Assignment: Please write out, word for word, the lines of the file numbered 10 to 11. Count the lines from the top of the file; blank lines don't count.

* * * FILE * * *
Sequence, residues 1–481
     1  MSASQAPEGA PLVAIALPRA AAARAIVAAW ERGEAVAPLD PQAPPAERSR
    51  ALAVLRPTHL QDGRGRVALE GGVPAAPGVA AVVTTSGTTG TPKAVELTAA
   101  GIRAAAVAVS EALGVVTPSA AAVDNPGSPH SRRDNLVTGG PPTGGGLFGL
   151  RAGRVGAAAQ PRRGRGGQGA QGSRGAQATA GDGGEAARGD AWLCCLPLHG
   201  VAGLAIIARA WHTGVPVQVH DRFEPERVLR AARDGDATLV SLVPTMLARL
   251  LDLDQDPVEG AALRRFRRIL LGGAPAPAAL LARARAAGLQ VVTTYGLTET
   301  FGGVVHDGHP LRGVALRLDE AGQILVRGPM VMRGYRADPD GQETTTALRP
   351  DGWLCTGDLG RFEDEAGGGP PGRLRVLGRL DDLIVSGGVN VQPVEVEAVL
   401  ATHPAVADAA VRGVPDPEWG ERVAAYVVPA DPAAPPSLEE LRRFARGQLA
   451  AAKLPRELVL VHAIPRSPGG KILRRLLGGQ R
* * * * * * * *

   401  ATHPAVADAA VRGVPDPEWG ERVAAYVVPA DPAAPPSLEE LRRFARGQLA
   451  AAKLPRELVL VHAIPRSPGG KILRRLLGGQ R